Officials urge safety as emergency crews restore utilities

Lauren Wood | Buy at photos.djournal.com A utility pole is down on Lakeshire Drive Monday evening after a tornado went through Tupelo. Approximately 15,000 homes lost power due to the storm.

Lauren Wood | Buy at photos.djournal.com
A utility pole is down on Lakeshire Drive Monday evening after a tornado went through Tupelo. Approximately 15,000 homes in Lee and Itawamba counties lost power due to the storm.

By JB Clark

Daily Journal

TUPELO – In the wake of Monday’s tornado, which the National Weather Service has reported was at least an EF2, officials say the danger is now avoiding accidents while emergency crews work to clean up.

Tupelo Mayor Jason Shelton said, in a Monday evening press conference, that Tupelo residents need to be especially careful over the next few days as emergency crews repair the tornado damage.

“There is a real danger of fire and electrocution as crews work to get power turned back on,” he said.

Emergency workers went door-to-door to clear houses in the tornado’s path, particularly in the Joyner neighborhood. Direct tornado damage could be seen from the West Jackson Street area northeast to North Gloster Street and Green Street.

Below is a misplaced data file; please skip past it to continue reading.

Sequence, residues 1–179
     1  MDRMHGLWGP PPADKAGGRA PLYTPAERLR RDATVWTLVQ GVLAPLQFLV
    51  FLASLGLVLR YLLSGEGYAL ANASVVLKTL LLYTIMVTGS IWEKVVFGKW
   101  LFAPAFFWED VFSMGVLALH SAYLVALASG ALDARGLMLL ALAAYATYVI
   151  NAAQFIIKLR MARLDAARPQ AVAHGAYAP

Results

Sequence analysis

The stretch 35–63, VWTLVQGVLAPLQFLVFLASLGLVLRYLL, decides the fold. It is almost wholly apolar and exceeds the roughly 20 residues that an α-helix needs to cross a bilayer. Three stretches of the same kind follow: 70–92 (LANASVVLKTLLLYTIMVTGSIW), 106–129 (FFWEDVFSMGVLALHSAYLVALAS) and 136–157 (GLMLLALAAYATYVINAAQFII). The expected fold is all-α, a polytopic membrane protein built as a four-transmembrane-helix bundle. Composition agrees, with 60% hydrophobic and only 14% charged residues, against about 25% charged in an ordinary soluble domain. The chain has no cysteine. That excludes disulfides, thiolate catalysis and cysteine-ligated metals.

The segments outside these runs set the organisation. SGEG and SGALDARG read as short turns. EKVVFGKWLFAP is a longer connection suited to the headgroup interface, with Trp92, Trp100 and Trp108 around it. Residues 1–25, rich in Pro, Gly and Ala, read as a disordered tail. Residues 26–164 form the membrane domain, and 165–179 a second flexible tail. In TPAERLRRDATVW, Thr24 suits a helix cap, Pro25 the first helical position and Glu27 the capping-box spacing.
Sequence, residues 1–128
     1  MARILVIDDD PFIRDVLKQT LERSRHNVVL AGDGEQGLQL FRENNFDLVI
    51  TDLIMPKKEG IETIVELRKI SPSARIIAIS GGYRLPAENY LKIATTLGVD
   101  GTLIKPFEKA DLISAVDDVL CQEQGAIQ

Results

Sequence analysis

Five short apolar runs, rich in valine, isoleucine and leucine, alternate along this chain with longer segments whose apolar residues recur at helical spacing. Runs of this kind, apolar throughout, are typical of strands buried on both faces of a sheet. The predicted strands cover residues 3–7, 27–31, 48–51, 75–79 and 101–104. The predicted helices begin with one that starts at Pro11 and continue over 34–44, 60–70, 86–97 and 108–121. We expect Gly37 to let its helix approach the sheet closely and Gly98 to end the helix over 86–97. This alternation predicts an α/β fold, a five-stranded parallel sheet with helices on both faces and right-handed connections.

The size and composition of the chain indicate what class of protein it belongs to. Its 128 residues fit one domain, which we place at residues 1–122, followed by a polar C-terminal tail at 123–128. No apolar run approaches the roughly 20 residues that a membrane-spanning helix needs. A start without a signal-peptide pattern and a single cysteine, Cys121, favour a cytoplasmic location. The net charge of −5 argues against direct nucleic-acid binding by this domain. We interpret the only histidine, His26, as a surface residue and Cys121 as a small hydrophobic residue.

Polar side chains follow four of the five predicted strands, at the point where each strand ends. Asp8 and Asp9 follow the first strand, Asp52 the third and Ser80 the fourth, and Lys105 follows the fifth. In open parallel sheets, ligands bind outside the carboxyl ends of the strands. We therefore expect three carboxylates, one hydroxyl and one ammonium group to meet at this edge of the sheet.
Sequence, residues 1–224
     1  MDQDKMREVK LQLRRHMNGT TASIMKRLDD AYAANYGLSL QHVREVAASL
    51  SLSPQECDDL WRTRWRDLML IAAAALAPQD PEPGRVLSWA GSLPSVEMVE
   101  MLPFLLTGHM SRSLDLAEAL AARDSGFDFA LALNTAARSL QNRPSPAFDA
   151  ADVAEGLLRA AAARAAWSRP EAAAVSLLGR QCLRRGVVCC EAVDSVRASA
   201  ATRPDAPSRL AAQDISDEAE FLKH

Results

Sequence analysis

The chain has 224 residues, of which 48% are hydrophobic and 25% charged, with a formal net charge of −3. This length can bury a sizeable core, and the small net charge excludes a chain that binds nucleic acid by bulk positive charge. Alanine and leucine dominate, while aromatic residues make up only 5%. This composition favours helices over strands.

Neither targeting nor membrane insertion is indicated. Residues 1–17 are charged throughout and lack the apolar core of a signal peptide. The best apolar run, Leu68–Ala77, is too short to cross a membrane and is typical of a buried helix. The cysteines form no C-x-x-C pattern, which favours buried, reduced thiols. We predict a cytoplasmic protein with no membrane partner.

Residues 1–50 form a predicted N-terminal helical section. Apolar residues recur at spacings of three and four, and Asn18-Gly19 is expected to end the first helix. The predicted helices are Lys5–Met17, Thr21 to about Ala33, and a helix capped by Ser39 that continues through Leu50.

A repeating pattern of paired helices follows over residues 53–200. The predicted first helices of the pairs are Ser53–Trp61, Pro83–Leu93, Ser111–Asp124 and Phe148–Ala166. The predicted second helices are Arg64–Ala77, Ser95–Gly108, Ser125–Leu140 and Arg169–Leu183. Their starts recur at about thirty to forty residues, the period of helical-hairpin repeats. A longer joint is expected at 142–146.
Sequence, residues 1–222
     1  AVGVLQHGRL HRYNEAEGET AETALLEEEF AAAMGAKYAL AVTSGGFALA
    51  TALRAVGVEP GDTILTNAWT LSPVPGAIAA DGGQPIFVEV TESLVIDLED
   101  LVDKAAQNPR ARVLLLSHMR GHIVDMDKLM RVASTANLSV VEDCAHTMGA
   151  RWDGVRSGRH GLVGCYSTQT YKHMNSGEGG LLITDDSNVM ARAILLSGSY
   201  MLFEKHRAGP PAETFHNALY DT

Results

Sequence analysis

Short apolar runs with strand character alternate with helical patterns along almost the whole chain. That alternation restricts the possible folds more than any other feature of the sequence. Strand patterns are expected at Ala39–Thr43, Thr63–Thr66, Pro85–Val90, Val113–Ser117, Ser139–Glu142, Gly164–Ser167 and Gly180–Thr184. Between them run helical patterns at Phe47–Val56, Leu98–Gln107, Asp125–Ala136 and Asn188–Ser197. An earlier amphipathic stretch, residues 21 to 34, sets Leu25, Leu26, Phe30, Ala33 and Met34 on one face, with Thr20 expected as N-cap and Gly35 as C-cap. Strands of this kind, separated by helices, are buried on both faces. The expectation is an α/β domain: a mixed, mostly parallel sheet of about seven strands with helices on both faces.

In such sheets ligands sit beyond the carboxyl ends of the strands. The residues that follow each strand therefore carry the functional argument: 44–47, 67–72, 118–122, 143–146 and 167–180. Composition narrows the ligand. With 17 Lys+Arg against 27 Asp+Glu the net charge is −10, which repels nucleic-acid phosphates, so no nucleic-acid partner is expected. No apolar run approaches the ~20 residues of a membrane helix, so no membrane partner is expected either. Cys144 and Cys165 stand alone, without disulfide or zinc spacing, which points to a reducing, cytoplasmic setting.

Tupelo Police Chief Bart Aguirre said his officers, after clearing homes and rescuing trapped residents, are now concentrating on patrolling the area to keep it free of looters.

“We didn’t think it was going to be a problem, and then we saw folks trying to take some stuff, mostly from the businesses on North Gloster Street,” Aguirre said. “Folks need to stay secure in your homes and when police come by to check, cooperate with them and provide them with the information they need.”

He also said to wait until the numerous trees and power lines are out of the roadways before trying to navigate the affected neighborhoods – Joyner, Bel Air and North Gloster Street, North Green and nearby areas.

Shelton stressed the importance of Tupelo adhering to an 8 p.m. curfew Monday night, and those whose homes were heavily damaged to seek shelter elsewhere while emergency crews work to restore power.

Public Service Commissioner Brandon Presley said three Tennessee Valley Authority substations were damaged, resulting in a loss of power for 12,000 Tombigbee Electric Power Association Lee County residents and 3,000 Itawamba County residents. He said it will be at least 24 hours before power is fully restored.

At 9 p.m. Monday, about 4,100 of Tupelo Water & Light Customers were without power.

He also said Atmos Energy confirmed multiple gas lines being broken and blowing gas. Presley asked anyone who finds a damaged power or gas line to report it and stay away from it.

Shelton said that as of Monday at 7:30 p.m., there were no reports of fatalities or life-threatening injuries in Tupelo. Lee County Coroner Carolyn Green reported one person was killed in a weather-related car crash on Palmetto Road south of Tupelo.

“I’m hearing reports of injuries, but they are along the lines of broken arms, broken legs and broken limbs,” Shelton said.

jb.clark@journalinc.com